In many ways, the Borderplex acutely experiences the hot-button topics that make for partisan rhetoric at the national level: immigration, relations between Mexico and the U.S., and trade.
The Borderplex Region is the 3-city metro of Ciudad Juarez, Mexico; El Paso, Texas; and Las Cruces, New Mexico. In many ways, the Borderplex acutely experiences the hot-button topics that make for partisan rhetoric at the national level: immigration, relations between Mexico and the U.S., and trade. They do so, however, with a spirit of collaboration and problem-solving that results in highly effective coordination and lots of regional pride.
When thinking of “the border” or “the borderlands” – those who live far from it may be surprised to learn that hundreds of American students cross the border every day to go to school, living in Juarez but studying in El Paso; or that many El Pasoans cross to Juarez to shop, eat, and visit friends and family. In fact, the border crossings at El Paso for January 2023 exceeded 140,000 people back/forth every day.
The area is also attracting a lot of investment, as near- and ally-shoring ramps up and companies look to move their supply chains to the Western Hemisphere. This was one of the main conversations at the Global Border Summit, hosted by the Borderplex Alliance February 2023.
Notably, the Global Border Summit was in fact quite global in nature – Consuls General from Mexico, Canada, and the U.S. participated, as well as the Consul General from the U.K. and former Prime Minister of the U.K., Gordon Brown, who gave the keynote speech.
Throughout the event there was a sense of pragmatic collaboration – businesses that operate in both Mexico and the U.S. standardize their hiring, training, and company culture across both countries. Government officials in both countries coordinated in creative ways to vaccinate over 30,000 people who otherwise would not have had access to a COVID-19 vaccine. Immigration reform was uniformly recognized as necessary – as current policies don’t work for the realities of our 21st century economy.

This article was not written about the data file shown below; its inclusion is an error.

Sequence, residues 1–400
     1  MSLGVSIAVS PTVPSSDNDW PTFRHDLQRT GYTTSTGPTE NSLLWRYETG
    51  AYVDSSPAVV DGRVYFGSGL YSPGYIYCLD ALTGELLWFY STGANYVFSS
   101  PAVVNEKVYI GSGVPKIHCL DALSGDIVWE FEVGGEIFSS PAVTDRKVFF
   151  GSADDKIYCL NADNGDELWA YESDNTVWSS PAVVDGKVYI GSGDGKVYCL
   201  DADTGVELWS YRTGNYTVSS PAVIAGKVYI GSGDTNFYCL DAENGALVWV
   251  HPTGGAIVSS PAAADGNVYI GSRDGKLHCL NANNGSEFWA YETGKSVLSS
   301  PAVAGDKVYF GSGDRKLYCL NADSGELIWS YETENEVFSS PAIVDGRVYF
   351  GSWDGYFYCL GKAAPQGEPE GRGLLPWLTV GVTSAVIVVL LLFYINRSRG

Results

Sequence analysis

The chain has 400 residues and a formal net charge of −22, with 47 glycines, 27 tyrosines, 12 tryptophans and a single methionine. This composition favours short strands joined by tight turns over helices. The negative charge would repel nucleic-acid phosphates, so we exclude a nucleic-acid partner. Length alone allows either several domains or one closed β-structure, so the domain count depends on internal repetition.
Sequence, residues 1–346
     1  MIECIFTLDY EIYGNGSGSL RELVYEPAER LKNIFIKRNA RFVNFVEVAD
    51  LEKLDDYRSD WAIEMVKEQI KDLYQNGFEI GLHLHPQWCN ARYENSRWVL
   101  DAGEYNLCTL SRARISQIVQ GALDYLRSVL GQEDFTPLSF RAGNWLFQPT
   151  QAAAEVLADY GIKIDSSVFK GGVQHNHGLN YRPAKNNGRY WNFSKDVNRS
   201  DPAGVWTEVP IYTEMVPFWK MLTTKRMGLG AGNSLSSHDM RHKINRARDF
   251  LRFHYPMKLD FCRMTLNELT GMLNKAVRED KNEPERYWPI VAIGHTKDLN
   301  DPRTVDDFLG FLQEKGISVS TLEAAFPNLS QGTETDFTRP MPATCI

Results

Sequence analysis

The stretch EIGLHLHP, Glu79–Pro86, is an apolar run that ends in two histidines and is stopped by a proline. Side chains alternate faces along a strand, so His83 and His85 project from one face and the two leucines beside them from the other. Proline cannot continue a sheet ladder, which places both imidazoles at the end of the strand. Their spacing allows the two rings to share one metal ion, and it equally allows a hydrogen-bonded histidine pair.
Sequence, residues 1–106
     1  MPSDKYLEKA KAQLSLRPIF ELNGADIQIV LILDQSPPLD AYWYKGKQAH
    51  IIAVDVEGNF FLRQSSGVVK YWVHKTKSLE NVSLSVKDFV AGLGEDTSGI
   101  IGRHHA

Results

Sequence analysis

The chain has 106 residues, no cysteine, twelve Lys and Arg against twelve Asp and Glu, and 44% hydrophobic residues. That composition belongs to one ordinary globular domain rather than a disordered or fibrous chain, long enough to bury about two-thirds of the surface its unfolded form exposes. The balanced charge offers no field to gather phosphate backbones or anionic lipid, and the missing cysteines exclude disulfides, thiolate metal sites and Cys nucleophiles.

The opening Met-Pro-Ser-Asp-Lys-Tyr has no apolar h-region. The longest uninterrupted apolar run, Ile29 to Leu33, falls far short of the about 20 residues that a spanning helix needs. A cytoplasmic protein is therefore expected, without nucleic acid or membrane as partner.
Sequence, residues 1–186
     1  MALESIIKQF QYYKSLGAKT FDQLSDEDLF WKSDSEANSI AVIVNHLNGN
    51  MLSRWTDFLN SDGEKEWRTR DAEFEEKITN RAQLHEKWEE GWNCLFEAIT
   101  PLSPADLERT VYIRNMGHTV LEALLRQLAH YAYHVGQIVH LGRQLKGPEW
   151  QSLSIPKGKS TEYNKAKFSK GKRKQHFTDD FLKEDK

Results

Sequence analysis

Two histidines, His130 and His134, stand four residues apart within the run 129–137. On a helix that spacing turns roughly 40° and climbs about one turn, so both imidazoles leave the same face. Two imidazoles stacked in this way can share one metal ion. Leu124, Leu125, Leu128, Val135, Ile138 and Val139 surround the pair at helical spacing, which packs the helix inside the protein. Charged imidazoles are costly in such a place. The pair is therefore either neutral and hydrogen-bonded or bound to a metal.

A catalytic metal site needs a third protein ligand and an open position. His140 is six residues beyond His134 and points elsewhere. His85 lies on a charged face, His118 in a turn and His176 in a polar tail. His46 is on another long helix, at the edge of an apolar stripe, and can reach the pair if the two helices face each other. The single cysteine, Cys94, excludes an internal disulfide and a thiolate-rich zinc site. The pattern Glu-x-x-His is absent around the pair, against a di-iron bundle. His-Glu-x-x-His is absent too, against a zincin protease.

Key themes from the panel on immigration, moderated by Borderplex Alliance CEO Jon Barela, leaned into the spirit of immigration as a pro-growth policy, and to the rich history of immigration in the region. In 2019, immigrant residents just in El Paso contributed $8.6 Billion to the metro area’s GDP. The conversation highlighted how Congress’ inaction on extending a permanent status for dreamers coupled with green card and asylum backlogs are missed opportunities for our economy as a whole. Congress should also expand legal immigration to address the labor shortages across the U.S.
The conversation also included how practical and effective border policy has been sidelined by political rhetoric from those who neither live nor work near the border. Chelsie Kramer from the American Immigration Council shared that overwhelmingly fentanyl is smuggled via ports of entry, and usually by U.S. Citizens. U.S. Customs and Border Protection (CBP) statistics show that 95% of 2021 seizures occurred at a port of entry, and over a studied 6-month period only 3 of 89 seizures involved undocumented immigrants. Congress should embrace its role in effective border management, which goes beyond deterrence and physical barriers. Until Congress acts, policy makers should focus on the most viable immigration solutions to strengthen a system under strain.
As seen in the daily crossings in El Paso alone, the border is a vibrant area where effective management results in gains in education, trade, productivity, tourism, and more. The border is not a fixed point at which movement stops – but rather is a dynamic place and space where immigration, trade, and collaboration with our partners in Mexico lead to prosperity and growth – something the whole country could use right now.